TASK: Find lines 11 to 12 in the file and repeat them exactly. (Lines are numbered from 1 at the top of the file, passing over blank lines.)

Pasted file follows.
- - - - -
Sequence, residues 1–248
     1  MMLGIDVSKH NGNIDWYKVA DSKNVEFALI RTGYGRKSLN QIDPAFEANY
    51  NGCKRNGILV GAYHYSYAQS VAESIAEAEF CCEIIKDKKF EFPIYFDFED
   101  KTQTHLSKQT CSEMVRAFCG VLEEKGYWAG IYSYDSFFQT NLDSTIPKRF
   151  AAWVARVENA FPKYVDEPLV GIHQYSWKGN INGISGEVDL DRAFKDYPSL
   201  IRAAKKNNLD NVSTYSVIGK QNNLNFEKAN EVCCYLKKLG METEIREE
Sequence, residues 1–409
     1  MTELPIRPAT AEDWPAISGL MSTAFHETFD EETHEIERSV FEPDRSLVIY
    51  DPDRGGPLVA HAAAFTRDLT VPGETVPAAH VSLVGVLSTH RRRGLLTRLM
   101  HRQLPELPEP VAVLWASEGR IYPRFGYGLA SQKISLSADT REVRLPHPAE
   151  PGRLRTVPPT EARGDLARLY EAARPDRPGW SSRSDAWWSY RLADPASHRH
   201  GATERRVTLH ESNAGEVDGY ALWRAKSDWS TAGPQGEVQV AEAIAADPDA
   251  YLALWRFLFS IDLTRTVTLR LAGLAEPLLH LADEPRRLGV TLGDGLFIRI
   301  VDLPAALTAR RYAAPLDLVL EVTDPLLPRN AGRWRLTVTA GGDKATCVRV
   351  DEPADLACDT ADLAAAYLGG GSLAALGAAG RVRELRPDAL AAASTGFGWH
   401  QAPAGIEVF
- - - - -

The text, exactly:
   151  PGRLRTVPPT EARGDLARLY EAARPDRPGW SSRSDAWWSY RLADPASHRH
   201  GATERRVTLH ESNAGEVDGY ALWRAKSDWS TAGPQGEVQV AEAIAADPDA